Most infected dogs make a good recovery with the right treatment if given early enough, so any coughing dog should be checked out by a vet sooner, rather than later. Other signs to watch out for are weight loss, lethargy or breathing difficulties.

If left untreated, A.vasorum can cause more serious signs of ill-health including bleeding internally, or even into the brain. French Lungworm can kill.

As always, prevention is best. Your usual flea or worm treatment probably does not protect against lungworm.

Advocate is a spot-on treatment that is applied monthly and is effective against fleas, heartworm, gastrointestinal worms (hookworm, roundworm and whipworm), sarcoptic mange, demodicosis and ear mites. It is a Prescription-only medicine is available from your vet.




This is a gentle reminder for those of you who stop treating your pets regularly for fleas over the winter.
I’ve seen three animals with obvious fleas over the last week, and one of them belonged to me!

So start treating, but first check you are treating effectively:

Buy something that works.
Don’t bother with the many cheap flea ‘repellents’ sold in supermarkets and pet shops. They may scare off the odd, half-hearted flea but if you have an infestation you might as well flush your money down the loo.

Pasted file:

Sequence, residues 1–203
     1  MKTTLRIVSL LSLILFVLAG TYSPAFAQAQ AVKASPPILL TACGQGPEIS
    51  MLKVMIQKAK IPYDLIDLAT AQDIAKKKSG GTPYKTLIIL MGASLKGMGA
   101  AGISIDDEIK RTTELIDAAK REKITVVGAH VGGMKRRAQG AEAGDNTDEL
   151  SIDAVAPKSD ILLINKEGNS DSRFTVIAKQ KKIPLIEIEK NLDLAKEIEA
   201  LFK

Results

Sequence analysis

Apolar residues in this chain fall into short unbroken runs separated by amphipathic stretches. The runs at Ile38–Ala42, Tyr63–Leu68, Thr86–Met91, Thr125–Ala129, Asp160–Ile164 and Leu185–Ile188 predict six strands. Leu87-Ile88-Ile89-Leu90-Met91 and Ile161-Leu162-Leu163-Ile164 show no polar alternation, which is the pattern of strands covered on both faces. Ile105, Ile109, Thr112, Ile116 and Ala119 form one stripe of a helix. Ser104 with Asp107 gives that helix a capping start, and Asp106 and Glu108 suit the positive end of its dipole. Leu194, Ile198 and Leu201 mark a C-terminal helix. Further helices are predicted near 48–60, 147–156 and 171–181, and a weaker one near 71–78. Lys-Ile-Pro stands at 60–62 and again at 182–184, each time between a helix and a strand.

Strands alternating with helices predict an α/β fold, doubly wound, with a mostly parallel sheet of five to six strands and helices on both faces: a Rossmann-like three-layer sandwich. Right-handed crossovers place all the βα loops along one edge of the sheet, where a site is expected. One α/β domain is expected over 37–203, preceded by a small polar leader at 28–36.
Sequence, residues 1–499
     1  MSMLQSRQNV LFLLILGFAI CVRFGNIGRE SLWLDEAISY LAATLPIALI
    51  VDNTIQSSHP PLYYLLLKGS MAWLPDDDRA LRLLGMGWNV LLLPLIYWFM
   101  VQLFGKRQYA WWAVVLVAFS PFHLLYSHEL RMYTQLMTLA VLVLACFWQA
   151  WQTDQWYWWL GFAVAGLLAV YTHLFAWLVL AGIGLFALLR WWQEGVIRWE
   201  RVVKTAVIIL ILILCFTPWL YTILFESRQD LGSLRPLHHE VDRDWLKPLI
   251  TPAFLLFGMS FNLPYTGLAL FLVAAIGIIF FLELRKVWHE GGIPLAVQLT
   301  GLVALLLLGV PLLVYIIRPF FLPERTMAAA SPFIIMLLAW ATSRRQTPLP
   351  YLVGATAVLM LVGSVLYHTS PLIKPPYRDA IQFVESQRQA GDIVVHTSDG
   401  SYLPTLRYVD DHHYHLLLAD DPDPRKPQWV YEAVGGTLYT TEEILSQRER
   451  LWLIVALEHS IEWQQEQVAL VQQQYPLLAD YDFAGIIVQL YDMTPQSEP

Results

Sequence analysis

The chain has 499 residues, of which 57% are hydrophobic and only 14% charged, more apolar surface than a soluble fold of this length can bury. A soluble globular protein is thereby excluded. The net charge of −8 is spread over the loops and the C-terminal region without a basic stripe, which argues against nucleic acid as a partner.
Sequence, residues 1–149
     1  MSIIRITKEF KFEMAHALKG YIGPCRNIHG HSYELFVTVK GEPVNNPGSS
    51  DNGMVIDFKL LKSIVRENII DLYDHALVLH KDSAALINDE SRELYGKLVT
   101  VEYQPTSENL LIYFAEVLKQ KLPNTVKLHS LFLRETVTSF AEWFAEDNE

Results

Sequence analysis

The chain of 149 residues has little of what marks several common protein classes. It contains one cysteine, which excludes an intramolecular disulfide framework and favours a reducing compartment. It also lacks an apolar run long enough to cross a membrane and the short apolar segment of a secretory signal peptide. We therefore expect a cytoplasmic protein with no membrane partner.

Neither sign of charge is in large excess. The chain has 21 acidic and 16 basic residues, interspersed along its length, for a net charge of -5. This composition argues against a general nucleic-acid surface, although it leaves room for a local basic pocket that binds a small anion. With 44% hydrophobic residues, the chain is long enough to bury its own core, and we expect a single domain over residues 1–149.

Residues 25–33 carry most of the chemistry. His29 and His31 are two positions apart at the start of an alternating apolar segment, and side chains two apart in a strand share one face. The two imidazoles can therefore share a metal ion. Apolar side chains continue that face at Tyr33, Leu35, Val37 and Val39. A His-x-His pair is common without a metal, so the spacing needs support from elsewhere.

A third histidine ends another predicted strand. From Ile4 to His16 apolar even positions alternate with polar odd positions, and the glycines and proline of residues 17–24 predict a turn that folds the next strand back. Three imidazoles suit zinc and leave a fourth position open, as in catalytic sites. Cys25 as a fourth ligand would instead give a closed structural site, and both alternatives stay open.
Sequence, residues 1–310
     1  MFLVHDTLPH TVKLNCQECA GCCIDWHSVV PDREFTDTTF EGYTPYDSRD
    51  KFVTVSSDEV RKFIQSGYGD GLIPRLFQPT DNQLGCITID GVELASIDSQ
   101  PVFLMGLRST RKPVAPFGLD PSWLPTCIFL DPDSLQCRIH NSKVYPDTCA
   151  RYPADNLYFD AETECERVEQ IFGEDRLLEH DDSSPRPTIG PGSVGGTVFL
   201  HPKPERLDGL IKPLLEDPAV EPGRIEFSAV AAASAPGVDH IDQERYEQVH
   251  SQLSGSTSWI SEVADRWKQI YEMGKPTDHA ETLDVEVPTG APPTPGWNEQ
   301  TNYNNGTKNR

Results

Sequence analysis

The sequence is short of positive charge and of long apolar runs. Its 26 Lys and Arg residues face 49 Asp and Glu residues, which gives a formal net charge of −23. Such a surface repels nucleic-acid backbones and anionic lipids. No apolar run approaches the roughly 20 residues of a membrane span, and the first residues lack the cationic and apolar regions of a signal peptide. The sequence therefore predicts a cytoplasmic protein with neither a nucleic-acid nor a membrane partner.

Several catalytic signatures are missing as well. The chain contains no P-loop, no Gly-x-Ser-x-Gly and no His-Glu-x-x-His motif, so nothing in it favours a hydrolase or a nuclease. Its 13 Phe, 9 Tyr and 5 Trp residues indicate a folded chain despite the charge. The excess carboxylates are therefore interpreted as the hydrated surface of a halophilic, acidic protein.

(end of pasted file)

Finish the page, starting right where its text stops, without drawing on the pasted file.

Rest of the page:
I recommend Advantage, Frontline, Stronghold or Advocate. These monthly spot on treatments can be bought from your vet, some pet shops and on-line (some require a prescription).Some suit different pets better than others, so try another if you aren’t happy with the one you are using.
Swap treatments every now and again to prevent resistance developing.
If you are treating because you’ve noticed fleas, then worm your pet with something that treats tapeworms at the same time.

Make sure you are using the right strength.
You’ll need a rough idea of what your pet weighs especially if they are at the upper or lower limit for a pack.
Seek advice if you aren’t sure what strength pack to get. These products are usually very safe and it’s hard to overdose your pet with them but it’s better to be safe than sorry. And under dosing puts your pet at risk of fleas, despite being treated,

Read The Instructions.
The important stuff is printed on that slip of paper that you throw away once you’ve opened the pack, so hang onto it in case you have any questions later.
The treatments recommended above are all designed to be applied to the back of the neck, between the ears and shoulder blades. This is to stop your pet from being able to lick at the treatment.
Don’t treat your pet within 3 days of bathing or swimming as it can reduce the effectiveness of these products.

And remember, treat ALL of the pets in your household if you want to prevent an infestation this summer. It’s always cheaper and easier to treat regularly, than deal with a major flea problem.